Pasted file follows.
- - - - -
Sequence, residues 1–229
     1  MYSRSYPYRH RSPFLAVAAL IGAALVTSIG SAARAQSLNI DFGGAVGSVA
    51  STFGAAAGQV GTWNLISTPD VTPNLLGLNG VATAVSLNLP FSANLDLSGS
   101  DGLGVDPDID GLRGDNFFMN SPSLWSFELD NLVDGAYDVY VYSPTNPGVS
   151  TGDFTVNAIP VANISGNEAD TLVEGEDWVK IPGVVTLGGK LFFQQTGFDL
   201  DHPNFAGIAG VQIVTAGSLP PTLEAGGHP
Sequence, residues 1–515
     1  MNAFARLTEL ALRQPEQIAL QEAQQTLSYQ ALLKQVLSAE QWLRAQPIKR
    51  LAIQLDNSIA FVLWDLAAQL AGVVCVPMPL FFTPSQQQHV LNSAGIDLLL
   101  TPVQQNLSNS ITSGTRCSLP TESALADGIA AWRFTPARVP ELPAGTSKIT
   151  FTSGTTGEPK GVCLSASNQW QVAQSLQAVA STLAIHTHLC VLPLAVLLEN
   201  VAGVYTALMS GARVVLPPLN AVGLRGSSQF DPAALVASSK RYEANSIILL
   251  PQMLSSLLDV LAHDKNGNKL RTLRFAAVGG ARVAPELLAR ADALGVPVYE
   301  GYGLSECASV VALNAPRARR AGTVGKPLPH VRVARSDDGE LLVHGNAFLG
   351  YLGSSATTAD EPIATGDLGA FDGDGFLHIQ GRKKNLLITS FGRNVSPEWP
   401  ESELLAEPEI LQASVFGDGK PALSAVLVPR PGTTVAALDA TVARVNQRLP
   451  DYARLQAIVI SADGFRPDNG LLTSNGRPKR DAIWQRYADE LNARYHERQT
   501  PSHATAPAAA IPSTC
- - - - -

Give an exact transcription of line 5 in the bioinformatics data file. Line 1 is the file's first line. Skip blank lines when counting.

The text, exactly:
   151  TGDFTVNAIP VANISGNEAD TLVEGEDWVK IPGVVTLGGK LFFQQTGFDL